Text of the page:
ISSN (Print) - 0012-9976 | ISSN (Online) - 2349-8846
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Maharashtra-Twice Blessed Bagaitdars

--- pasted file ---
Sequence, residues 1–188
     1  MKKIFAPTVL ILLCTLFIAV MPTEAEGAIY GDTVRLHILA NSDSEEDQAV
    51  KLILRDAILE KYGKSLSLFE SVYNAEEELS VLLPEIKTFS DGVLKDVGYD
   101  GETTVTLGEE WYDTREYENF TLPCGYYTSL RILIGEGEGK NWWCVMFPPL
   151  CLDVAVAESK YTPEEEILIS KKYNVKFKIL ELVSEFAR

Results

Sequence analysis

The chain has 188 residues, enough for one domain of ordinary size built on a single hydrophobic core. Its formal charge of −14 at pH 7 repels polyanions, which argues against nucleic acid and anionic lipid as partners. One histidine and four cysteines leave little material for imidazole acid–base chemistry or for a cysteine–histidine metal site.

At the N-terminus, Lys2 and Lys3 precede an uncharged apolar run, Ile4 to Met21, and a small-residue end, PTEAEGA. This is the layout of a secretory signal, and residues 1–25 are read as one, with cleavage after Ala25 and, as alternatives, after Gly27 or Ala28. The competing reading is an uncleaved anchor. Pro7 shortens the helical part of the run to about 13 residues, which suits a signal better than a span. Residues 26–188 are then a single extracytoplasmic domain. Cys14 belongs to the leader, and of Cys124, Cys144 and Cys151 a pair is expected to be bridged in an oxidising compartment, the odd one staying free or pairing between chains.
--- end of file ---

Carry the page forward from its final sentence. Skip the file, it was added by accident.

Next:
pointments to the higher judiciary would take place after due consideration of the social philosophy of the individual judges. It will he for the government' of the day to determine what the current fashion is, and what criteria are to be applied for deciding what is 'backward' or 'forward' looking. For example, if the one thousand seven hundred and odd individuals in West Bengal, who have not been released despite the striking down of Section 17(a) of the MISA, were to sue for damage against the authorities, it would be for the judiciary to decide whether the dilly-dallying on the part of government was intentional or otherwise. The delay in issuing the release orders, the government may claim, was because it had to sort out the 17(a) cases from the non-17(a) ones; the persons affected could allege that the delay was on account of the fact that the authorities were using the time to concoct new cases against them so that they could be re-arrested as soon as they were let out. Called upon to arbitrate on the issue, how many judges would be henceforth found who would dare not to give the government the benefit of the doubt? Those who decide not to accord the authorities the benefit of the doubt might be put down as 'backward-looking'

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